It's still Stanford's Pac-12, lock, stock and barrel

Anthony Wilkerson and Stsnford dominated arizona State from the start. (USATSI)
Anthony Wilkerson and Stsnford dominated arizona State from the start. (USATSI)
Picking Arizona State to win the Pac-12 Championship Game over Stanford seemed like such a good idea at the time.

Sure, the Cardinal had thoroughly dominated the two teams' regular-season meeting, "only" winning by 14 after taking their foot off the pedal in the second half. Sure, the Cardinal have been grinding pure spread no-huddle teams like Arizona State into dust for the better part of the past four seasons. Sure, those last three seasons all ended in a BCS berth, while the Sun Devils haven't played in the Rose Bowl since 1996.

But whatever, man, the regular season game was in Palo Alto; the championship game was in Tempe, where the Sun Devils were undefeated this season. And the Sun Devils had improved by leaps and bounds, entering the game on a seven-game winning streak and coming off a 37-point beatdown of Arizona. And we all knew that they key to beating Stanford was -- like Utah and USC earlier in the year -- a strong defensive line. And even if Will Sutton, Jaxon Hood, Davon Coleman and Co. didn't play particularly well the first go-round, they were bound to play better this time. Right?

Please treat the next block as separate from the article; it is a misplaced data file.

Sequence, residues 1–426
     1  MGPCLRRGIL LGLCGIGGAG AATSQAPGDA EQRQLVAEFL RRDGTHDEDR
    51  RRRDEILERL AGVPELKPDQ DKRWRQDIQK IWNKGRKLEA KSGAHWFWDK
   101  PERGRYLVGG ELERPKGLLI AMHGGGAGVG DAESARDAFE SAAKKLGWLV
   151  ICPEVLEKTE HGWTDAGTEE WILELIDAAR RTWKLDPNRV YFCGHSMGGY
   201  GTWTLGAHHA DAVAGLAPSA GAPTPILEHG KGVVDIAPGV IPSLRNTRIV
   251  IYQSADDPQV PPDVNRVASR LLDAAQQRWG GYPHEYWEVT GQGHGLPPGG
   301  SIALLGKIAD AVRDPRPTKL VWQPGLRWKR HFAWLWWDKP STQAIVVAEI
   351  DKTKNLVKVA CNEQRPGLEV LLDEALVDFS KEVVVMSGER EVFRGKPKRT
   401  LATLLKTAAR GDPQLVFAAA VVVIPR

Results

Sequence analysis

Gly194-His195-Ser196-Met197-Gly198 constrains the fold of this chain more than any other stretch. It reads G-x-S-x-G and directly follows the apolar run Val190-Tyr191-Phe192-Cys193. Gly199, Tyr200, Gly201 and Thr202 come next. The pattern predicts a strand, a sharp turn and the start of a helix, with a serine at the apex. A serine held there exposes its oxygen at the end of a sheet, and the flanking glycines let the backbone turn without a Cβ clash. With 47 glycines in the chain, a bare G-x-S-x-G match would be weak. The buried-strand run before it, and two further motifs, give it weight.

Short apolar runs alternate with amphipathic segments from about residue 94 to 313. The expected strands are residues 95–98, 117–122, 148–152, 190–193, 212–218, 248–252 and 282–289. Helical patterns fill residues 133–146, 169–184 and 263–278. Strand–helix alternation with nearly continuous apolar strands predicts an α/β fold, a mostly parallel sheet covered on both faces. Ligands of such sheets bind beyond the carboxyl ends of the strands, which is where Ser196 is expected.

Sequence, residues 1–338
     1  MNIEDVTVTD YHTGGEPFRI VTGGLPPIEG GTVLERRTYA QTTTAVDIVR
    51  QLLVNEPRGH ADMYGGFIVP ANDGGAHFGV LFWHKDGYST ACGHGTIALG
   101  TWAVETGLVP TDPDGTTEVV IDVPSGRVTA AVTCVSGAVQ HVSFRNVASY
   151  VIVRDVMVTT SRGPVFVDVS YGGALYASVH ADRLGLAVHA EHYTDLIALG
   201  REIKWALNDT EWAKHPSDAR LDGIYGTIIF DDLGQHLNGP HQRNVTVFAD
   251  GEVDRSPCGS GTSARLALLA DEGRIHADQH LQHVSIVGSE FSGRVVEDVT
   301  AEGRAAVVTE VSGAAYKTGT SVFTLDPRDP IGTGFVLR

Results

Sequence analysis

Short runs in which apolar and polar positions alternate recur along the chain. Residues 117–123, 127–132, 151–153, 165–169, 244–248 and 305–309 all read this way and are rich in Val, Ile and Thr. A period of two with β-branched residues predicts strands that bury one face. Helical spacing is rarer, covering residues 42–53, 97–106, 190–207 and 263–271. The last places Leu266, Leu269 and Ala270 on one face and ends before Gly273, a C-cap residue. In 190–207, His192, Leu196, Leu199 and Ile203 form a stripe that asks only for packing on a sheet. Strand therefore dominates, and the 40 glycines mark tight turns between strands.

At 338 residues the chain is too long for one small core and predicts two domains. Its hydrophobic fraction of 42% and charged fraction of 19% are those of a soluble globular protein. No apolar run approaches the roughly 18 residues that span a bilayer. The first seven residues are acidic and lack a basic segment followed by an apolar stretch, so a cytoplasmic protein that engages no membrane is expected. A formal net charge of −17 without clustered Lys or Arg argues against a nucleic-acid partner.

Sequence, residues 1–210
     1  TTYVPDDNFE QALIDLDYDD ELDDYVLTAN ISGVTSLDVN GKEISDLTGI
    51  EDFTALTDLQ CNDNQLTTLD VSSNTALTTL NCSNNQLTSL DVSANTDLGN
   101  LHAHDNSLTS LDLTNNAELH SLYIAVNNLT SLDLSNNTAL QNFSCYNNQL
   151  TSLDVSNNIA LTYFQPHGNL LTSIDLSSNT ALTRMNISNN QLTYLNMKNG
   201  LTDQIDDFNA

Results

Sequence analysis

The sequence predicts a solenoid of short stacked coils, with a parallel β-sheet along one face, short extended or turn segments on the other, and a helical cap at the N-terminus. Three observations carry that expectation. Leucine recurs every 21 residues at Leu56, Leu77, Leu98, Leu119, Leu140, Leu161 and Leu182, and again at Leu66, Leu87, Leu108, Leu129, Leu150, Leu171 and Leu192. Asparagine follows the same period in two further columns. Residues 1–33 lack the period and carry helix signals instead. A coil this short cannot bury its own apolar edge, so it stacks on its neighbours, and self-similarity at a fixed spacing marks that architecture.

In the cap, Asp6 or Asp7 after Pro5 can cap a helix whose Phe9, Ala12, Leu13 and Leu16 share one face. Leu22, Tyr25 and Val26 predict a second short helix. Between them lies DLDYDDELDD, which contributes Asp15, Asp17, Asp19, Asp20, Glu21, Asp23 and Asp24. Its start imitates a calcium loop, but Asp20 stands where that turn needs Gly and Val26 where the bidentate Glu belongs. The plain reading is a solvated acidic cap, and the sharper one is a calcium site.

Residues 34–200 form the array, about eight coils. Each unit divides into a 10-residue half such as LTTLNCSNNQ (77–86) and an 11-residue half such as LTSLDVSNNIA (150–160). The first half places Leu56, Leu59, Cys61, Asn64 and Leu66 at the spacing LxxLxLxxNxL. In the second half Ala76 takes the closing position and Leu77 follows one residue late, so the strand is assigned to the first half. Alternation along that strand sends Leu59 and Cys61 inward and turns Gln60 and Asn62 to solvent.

Right! Which is why, in a truly stunning display of prescience, all seven of's experts picked Arizona State to win the game. It was a slam-dunk! A can't miss proposal! A sure thing!

And of course, by the time Tyler Gaffney had rumbled for a 69-yard touchdown run on the game's opening drive, it was clear that nothing had changed from the regular season meeting -- that nothing, really, has changed since Jim Harbaugh first led the Cardinal to the Orange Bowl in 2010.

Did the Cardinal once again bludgeon their opponent into submission on the ground? Oh my, yes. 240 yards rushing, 133 of them from Gaffney in his typically effective battering ram role, and vast tracts of time milked off the clock as the Sun Devil offense stewed on the sideline.

Did the Cardinal once again make just enough plays in the passing game to brutally punish their opponent from cheating too hard towards the run? 12.5 yards per pass attempt tells you most of the story. The 78-yard pass to Devon Cajuste when backed up on the Cardinal's own 5 in the fourth quarter -- sealing the game for good -- tells you the rest of it.

Did the Cardinal once again laugh at the idea their savagely physical defense would struggle with a supposedly quicker spread opponent? The Sun Devils gained a miserable 4.6 yards per-play, finished with just seven points over the game's final 56 minutes, and were shut out in the second half.

Not that they didn't come close in the third quarter; they reached 2nd-and-3 at the Stanford 13, for instance. Incomplete, loss of 1, missed FG. Next drive, they faced 3rd-and-goal from the 1. QB sneak ... stuffed. (Shayne Skov went full airborne  over the line to help stop this ... and it probably wasn't even necessary.) 4th-down handoff ... stuffed.

The names change: Luck to Hogan, Gerhart to Gaffney, DeCastro to Yankey, Thomas to Murphy. But nothing about the results do, whether it's regular or postseason, Oregon or Arizona State, 2011 or 2013. This is Stanford's league now, lock, stock and barrel. And maybe the experts will remember that next time. 

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